Young birds that eat insects with conspicuous warning colouration to advertise their toxicity to would-be predators quickly learn to avoid other prey that carry the same markings.
Young birds that eat insects with conspicuous warning colouration to advertise their toxicity to would-be predators quickly learn to avoid other prey that carry the same markings. Developing on this understanding, a University of Bristol team have shown for the very first time that birds don’t just learn the colours of dangerous prey, they can also learn the appearance of the plants such insects live on.
To do this, the scientists exposed artificial cinnabar caterpillars, characterised by bright yellow and black stripes, and non-signalling fake caterpillar targets to wild avian predation by presenting them on ragwort and a non-toxic plant - bramble, which is not a natural host of the cinnabar. Both target types survived better on ragwort compared to bramble when experienced predators were abundant in the population.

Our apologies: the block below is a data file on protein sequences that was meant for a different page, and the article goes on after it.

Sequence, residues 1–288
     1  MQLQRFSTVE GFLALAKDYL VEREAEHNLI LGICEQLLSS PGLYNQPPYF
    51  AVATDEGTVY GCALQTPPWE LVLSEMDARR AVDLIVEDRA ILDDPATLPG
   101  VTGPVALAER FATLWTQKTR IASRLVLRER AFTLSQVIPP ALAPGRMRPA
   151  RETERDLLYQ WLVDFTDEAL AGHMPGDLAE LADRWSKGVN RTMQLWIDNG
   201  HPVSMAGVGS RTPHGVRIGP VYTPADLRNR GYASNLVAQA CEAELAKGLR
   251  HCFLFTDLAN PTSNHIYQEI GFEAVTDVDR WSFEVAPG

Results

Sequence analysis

They were also interested in whether birds use the bright yellow flowers of ragwort as a cue for avoidance. They tested this by removing spikes of flowers from the ragwort and pinning them onto bramble, then recording target survival on either plant. In this second experiment, only the non-signalling targets survived better on plants with ragwort flowers, compared to the same plant type without the flowers. The survival of the cinnabar-like target was equal across all plant treatments.
Read more at University of Bristol
Image: Cinnabar larvae feeding on ragwort (Credit: Callum McLellan)